Why Do We Put the Whole Before the Parts (Math)?

In Waldorf education there are variations on how the times tables are taught. However, one constant remains – that we always work from the whole to the parts. But what does that mean and why do we do that?

In Waldorf classrooms different teachers recite the times tables with their classes in different ways. In “The Waldorf Way” David Ruenzel describes his math lesson in this way:

“….The movement, then, is highly purposeful and characterized by a sort of choreographed fastidiousness. Auer’s 1st graders stood rhythmically clapping their hands and stomping their feet as they chanted their multiplication tables: 9 is 3 x 3, 12 is 4 x 3, 15 is 5 x 3. “

However, in a Waldorf school in Maine, the lesson sounds a little different. Their lesson is described like this;

“There are recorders being played, verses being recited in unison, feet stomping, hands clapping. “Two times four is eight.” (Clap.) “Three times four is 12.” (Clap.) “Four times four is 16.” (Clap.)” The 26 pupils in Sarah Van Fleet’s fourth-grade class are standing in a circle reciting their multiplication tables, a timeless exercise in mathematical memorization, but one with a difference. While reciting, they clap out a rhythm and pass around orange beanbags.”

In one case the whole is recited first, in the second case the parts are recited first. So if the parts can come before the whole in recitation what did Rudolph Steiner mean when he spoke about the parts coming before the whole in Waldorf education?

When one speaks of putting the “whole before the part”, the order in which the numbers are found in recitation is certainly one way to accomplish that. However, the concept is rooted in a much deeper methodology. The concept of putting the whole before the parts is based on HOW the child learns the basic concepts of addition, subtraction, multiplication and division, not in how they may recite these facts later after they already know them or are practicing them.

In teaching math it is important for the child to be able to view the whole of the concept before they break it into computational parts. Steiner believed that,

“All teaching matter must be intimately connected with life. In counting, each different number should be connected with the child or what the child sees in the environment. Counting and stepping in rhythm. The body counts. The head looks on. Counting with fingers and toes is good (also writing with the feet). The ONE is the whole. Other numbers proceed from it. Building with bricks is against the child’s nature, whose impulse is to proceed from whole to parts, as in medieval thinking. Contrast atomic theory. In real life we have first a basket of apples, a purse of coins. In teaching addition, proceed from the whole. In subtraction, start with minuend and remainder; in multiplication, with product and one factor.”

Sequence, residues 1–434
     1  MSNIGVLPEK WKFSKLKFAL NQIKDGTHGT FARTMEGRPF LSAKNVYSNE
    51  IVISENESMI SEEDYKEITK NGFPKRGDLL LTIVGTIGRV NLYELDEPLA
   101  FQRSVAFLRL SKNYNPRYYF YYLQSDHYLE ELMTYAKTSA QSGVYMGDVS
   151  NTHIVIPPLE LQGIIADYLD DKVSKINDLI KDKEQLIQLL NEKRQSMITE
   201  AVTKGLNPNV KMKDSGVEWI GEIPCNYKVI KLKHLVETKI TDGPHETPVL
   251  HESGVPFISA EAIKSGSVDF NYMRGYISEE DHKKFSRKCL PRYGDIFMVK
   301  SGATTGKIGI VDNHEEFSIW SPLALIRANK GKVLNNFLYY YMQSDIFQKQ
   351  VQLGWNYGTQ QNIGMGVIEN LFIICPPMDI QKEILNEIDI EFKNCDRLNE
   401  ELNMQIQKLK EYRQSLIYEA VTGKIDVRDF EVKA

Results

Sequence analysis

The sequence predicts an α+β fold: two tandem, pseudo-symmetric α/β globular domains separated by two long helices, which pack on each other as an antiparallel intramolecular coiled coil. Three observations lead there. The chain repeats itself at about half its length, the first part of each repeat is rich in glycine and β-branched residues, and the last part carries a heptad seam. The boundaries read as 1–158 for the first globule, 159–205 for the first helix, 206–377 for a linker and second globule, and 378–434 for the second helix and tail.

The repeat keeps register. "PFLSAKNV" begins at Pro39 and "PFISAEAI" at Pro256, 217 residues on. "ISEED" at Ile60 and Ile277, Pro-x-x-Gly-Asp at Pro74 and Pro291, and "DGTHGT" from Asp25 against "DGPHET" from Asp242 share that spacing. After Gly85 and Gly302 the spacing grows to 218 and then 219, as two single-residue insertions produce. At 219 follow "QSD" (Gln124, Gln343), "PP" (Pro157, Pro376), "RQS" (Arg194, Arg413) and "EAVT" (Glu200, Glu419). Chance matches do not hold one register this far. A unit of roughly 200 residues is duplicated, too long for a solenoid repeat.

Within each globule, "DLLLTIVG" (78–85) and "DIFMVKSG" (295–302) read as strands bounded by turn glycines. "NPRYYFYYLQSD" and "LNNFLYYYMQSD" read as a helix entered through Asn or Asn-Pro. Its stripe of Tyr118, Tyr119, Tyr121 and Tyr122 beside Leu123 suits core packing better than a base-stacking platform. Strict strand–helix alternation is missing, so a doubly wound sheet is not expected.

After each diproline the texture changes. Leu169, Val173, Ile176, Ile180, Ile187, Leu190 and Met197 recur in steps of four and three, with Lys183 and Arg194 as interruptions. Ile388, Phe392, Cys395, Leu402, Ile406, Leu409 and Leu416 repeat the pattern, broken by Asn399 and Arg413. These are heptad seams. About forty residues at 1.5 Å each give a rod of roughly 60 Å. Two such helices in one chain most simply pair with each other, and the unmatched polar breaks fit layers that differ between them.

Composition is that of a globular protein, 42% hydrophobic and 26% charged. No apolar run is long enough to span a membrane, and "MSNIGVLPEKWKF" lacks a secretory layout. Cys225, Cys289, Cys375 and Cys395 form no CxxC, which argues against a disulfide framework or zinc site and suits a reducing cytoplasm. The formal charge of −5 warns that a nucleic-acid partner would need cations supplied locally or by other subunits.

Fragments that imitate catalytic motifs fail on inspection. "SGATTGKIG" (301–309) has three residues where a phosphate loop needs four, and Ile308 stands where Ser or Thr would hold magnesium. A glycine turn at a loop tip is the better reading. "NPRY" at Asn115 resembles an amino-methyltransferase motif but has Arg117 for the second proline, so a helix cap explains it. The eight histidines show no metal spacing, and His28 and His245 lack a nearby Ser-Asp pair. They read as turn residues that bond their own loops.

He continues on to say,

“Instead of offering, say, three apples, then four more, and finally another two, and asking the child to add them all together, we begin by offering a whole pile of apples, or whatever is convenient. This would begin the whole operation. Then one calls on two more children and says to the first, “Here you have a pile of apples. Give some to the other two children and keep some for yourself, but each of you must end up with the same number of apples.” In this way you help children comprehend the idea of sharing by three. We begin with the total amount and lead to the principle of division. Following this method, children will respond and comprehend this process naturally.

According to our picture of the human being, and in order to attune ourselves to the children’s nature, we do not begin by adding but by dividing and subtracting. Then, retracing our steps and reversing the first two processes, we are led to multiplication and addition. Moving from the whole to the part, we follow the original experience of number, which was one of analyzing, or division, and not the contemporary method of synthesizing, or putting things together by adding.”

It is interesting that using this method division is then seen to Waldorf students as simpler than multiplication, The way most people were taught division it was more complicated!

A good illustration of how looking at the whole, instead of the parts would work is an example of talking about “Rays of Light”. When I was in science class we had a unit on “Rays of Light” and we learned about them as individual rays. It was a hard and abstract concept to grasp as a child.

However, in Steiner’s world you could replace that lesson with a photo of mountains reflected in a lake – this lesson would be much easier to grasp. You can break the reflection down into rays at a later time.

However, these story poems are not about learning math, they are about practicing the times tables. You will first be teaching your child the four mathematical processes in addition to reciting “math facts” (see E-book “Sixth Sense Math”). Once they have grasped the concept of the process they are able to move on to recitation and even more advanced – the recitation or “acting out” of story poems.

Because different teachers use different methods in their recitation of the math facts Earthschooling includes two versions of the math fact story poems in second and third grade. In one version the product is first and in the other version the factor is first. You should use whichever set of poems synchronizes well with the other lessons your child is doing.

 

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